The lives of trees — and deaths — mark our brief passings, too

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The one that hurt the most: daddy's tree at Violet Hill Cemetery

That one hurt the most. The tree planted over 20 years ago near my dad’s grave. The one on which I tie a ribbon to match the season. The one my brother cares for. The one planted after the city cut down the row of trees lining the edge of Violet Hill Cemetery. Mom upset the first time she visited and experienced the bareness — the trees being the reason that location was chosen.

The trees at Violet Hill were a link to the trees my parents planted every year on their farm. Trees my mom carried buckets of water to.

There was dad’s modification of the water buckets — holes drilled into the buckets so they could be set near a tree and let the water trickle into the ground.

There was the weeping willow tree with a short life span. Mom got a bit too close with the riding mower and snapped it over. Oddly enough, jumping off the mower and standing it back up did not make the tree meld together.

The oaks, maples, red buds and more. Family trips to Earl May followed by planting the trees as a family. Always room in the yard for more trees.

Tree selection and tree planting was a known ritual like walking beans, a day at Riverview Park — the Adventureland of its day — and the Iowa State Fair.

These rituals were family time, but there are rituals of another purpose. Rituals I found comforting at a time of death — buying my dad trees. Trees in memory planted in a National Park with a need. Trees on his birthday, Father’s Day and other significant dates.

The ritual. The memories. His love of trees.

Many trees were planted by my parents on their farm or have been planted in parks across the United States both in their memory and the memory of others.

And yet, that tree. Somehow it was as if they left me a bit all over again.

It made me even sadder for every tree we’ve lost in Perry and across Iowa. Each of them with multiple stories, memories, connections to us.

The ritual and the memories remain. New trees will be planted and grow in memory of my parents. New trees planted for your specific memories. New trees planted to make more memories and connections.

1 COMMENT

  1. If you want to replace the tree with itself here is how to do it from the fallen tree.
    How to Root Hardwood Cuttings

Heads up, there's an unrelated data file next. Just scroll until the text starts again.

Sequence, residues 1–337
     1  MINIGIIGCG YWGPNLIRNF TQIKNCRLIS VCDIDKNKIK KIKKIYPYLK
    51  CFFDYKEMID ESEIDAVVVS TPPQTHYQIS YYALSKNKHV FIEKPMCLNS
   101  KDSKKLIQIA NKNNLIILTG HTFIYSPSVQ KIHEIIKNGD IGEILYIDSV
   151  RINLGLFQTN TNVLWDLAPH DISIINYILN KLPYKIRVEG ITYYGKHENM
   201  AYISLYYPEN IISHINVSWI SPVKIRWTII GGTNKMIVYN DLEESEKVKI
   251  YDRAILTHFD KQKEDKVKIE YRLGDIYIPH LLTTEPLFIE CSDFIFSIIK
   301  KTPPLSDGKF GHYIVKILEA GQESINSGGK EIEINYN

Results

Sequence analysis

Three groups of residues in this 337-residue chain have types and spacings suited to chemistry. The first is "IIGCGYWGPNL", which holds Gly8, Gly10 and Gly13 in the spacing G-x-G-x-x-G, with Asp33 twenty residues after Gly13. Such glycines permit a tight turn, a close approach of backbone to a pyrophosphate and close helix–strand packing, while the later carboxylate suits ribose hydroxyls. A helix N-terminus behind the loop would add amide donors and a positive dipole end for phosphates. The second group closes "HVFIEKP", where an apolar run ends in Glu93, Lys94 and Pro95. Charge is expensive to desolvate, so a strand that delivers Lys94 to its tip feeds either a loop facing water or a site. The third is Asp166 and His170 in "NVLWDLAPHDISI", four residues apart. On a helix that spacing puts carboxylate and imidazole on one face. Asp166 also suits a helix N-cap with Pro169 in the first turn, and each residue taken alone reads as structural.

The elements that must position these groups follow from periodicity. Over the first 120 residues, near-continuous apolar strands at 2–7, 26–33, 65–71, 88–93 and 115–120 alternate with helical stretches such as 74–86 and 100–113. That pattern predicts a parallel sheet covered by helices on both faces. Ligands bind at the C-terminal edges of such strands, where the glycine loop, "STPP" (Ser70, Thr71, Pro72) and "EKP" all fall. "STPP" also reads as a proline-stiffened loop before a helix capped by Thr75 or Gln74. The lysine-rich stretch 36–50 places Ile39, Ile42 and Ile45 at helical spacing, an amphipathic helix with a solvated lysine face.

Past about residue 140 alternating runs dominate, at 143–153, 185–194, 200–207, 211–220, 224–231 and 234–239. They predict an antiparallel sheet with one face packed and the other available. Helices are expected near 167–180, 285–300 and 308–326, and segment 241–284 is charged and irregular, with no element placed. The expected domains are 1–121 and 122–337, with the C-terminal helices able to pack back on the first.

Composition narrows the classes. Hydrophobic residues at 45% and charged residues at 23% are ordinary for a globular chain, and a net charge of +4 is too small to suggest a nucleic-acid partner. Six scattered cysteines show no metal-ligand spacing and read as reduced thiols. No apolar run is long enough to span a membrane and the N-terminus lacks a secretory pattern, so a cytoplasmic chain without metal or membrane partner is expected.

Hardwood cuttings are typically taken in early spring or early winter when the plant is not actively growing. But, in a pinch, hardwood cuttings can be taken anytime of the year. The point of taking hardwood cuttings in non-growth periods is more to do with doing as little harm to the parent plant as possible. Hardwood cuttings are also only taken from shrubs, bushes and trees that lose their leaves every year. This method will not work with evergreen plants. Cut off a hardwood cutting that is 12 to 48 (30-122 cm.) inches long. Trim the end of the cutting to be planted just below where a leafbud grows on the branch. Cut off the top of the branch so that there are at least two additional leafbuds above the bottom leafbud. Also, make sure that the area left is at least 6 inches (15 cm.) long. Additional buds can be left on the branch if necessary to make sure the branch is 6 inches (15 cm.). Strip the bottom most leafbuds and the topmost layer of bark 2 inches (5 cm.) above this. Do not cut too deeply into the branch. You only need to take off the top layer and you do not need to be thorough about it. Place the stripped area in rooting hormone, then put the stripped end into a small pot of damp soilless mix. Wrap the whole pot and cutting in a plastic bag. Tie off the top but make sure the plastic is not touching the cutting at all. Place the pot in a warm spot that gets indirect light. Do not put in full sunlight. Check the plant every two weeks or so to see if roots have developed. Once roots have developed, remove the plastic covering. The plant will be ready to grow outdoors when the weather is suitable. How to Root Softwood Cuttings Softwood cuttings are normally taken when the plant is in active growth, which is normally in the spring. This will be the only time you will be able to find softwood on a shrub, bush or tree. This method can be used with all types of shrubs, bushes and trees. Cut a piece of softwood off the plant that is at least 6 inches (15 cm.) long, but no longer than 12 inches (30 cm.). Make sure that there is at least three leaves on the cutting. Remove any flowers or fruit on the cutting. Trim the stem to just below where the bottom most leaf meets the stem. On each of the leaves on the stem, cut off half of the leaf. Dip the end of the cutting to be rooted in rooting hormone Put the end to be rooted into a small pot of damp soiless mix. Wrap the whole pot and cutting in a plastic bag. Tie off the top but make sure the plastic is not touching the cutting at all. Place the pot in a warm spot that gets indirect light. Do not put in full sunlight. Check the plant every two weeks or so to see if roots have developed. Once roots have developed, remove the plastic covering. The plant will be ready to grow outdoors when the weather is suitable.

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